Vincent MARQUEZ, Plaintiff-Appellee, v. R J GUTIERREZ, Defendant-Appellant, James Gomes; Theo White, Warden; M Bishoff; D Armendariz; Suzan Hubbard, Warden; S J Vance; C Johnson; L Dr Helder; W V Sandt; D H Moehring; E A Connolly; S Williams; George M Galaza; L Loo; R Harway; K Kellawan; B Bynam, Defendants.
Correctional Officer Richard Gutierrez appeals the district court's denial of his motion for summary judgment on the ground of qualified immunity, which he filed in defense of a § 1983 action brought by an inmate, Vincent Marquez, whom he shot in the leg during a prisoner melee at the California State Prison-Sacramento (CSPS). The district court found triable issues of fact regarding the need for this force and the threat that Gutierrez reasonably perceived, leading it to conclude that genuine factual disputes exist as to Marquez's excessive force claim under the Eighth Amendment and as to Gutierrez's entitlement to qualified immunity. However, in doing so the district court collapsed the qualified immunity inquiry and the constitutional inquiry rather than treating them separately, as Saucier v. Katz, 533 U.S. 194, 121 S.Ct. 2151, 150 L.Ed.2d 272 (2001), Jeffers v. Gomez, 267 F.3d 895, 903 (9th Cir.2001), and Estate of Ford v. Ramirez-Palmer, 301 F.3d 1043, 1050-53 (9th Cir.2002), which applies Saucier to the Eighth Amendment but was rendered after the district court's decision in this case, instruct. Analyzing the inquiries separately, we conclude that, assuming the facts in Marquez's favor, an Eighth Amendment violation would exist but a reasonable officer in Gutierrez's position would have believed that his response was a good faith effort to restore discipline. Accordingly, we reverse.
A disturbance broke out in the prison yard at CSPS on August 28, 1995. Marquez claims that he was attacked by a group of unarmed inmates, but took no violent action himself. An inmate, J. Perez, ended up lying on the ground while being kicked in the head by two other inmates, one of whom (Bruno Garcia) later said that he “was the one they should have shot.” Marquez states that he was standing three to four feet away from Perez. He also states that Perez sought to defend himself, and was not unconscious as Gutierrez thought. Gutierrez was stationed in a guard tower located some 360 feet away from the disturbance. He yelled “Yard down!” once he saw the fight erupt, but none of the combatants complied with his order or with a similar order made by a different officer. He then saw Perez lying on the ground, being kicked in the head with hard boots by two inmates, one of whom he claims was Marquez. Gutierrez yelled “Get down!” to no result, and then intentionally shot Marquez in the leg. Marquez suffered a fractured femur, and brought suit charging Gutierrez with excessive use of force in violation of the Eighth Amendment.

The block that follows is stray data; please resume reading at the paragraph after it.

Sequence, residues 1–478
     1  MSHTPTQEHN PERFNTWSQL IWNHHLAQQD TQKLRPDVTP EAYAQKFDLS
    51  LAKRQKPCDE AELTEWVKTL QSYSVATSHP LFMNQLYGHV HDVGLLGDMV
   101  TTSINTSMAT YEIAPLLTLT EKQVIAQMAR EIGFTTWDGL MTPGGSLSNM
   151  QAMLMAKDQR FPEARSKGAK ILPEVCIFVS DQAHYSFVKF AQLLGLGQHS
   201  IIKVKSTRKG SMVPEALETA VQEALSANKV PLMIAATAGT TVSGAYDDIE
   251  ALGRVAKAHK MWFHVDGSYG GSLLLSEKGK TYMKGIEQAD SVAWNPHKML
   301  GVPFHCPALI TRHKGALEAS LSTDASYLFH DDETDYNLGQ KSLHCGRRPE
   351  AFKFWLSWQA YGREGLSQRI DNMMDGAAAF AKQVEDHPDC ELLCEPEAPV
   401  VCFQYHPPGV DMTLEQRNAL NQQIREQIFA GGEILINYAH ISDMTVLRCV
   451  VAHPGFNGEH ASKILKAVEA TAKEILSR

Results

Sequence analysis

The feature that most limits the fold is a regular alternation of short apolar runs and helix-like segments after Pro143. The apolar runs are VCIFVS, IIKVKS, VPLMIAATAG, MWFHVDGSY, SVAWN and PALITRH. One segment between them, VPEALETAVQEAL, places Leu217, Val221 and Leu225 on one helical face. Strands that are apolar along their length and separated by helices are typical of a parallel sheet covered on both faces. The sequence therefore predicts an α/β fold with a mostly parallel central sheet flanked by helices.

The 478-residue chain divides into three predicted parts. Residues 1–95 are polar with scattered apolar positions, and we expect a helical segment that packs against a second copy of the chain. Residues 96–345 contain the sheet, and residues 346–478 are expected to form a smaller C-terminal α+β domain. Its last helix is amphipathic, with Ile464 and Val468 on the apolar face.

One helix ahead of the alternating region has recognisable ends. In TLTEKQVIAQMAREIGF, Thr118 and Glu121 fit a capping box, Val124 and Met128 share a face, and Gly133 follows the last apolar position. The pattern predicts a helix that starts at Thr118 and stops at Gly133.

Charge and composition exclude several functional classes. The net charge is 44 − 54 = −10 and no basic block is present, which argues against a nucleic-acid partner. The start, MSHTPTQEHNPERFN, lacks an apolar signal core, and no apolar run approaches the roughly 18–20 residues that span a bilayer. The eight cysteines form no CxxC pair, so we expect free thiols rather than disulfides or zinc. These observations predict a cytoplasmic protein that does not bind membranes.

Gutierrez moved for summary judgment, which the district court denied. Gutierrez timely brought this interlocutory appeal.
Marquez questions our jurisdiction to review the district court's denial of qualified immunity based on the existence of a triable issue of fact regarding Gutierrez's intent. Intent is an element in this case because “[w]here a prison security measure is undertaken to resolve a disturbance ․ that indisputably poses significant risks to the safety of inmates and prison staff, we think the question whether the measure taken inflicted unnecessary and wanton pain and suffering ultimately turns on ‘whether force was applied in a good faith effort to maintain or restore discipline or maliciously and sadistically for the very purpose of causing harm.’ ” Whitley v. Albers, 475 U.S. 312, 320-21, 106 S.Ct. 1078, 89 L.Ed.2d 251 (1986) (quoting Johnson v. Glick, 481 F.2d 1028, 1033 (2d Cir.1973)). But even when intent is an element of the constitutional tort, we have jurisdiction to determine whether there is a genuine issue of material fact as to it. Jeffers, 267 F.3d at 910. Thus, although the parties dispute the identity of the inmate who kicked Perez, and what Gutierrez saw, we may assume these disputed facts in Marquez's favor in order to decide whether qualified immunity was properly denied. Id.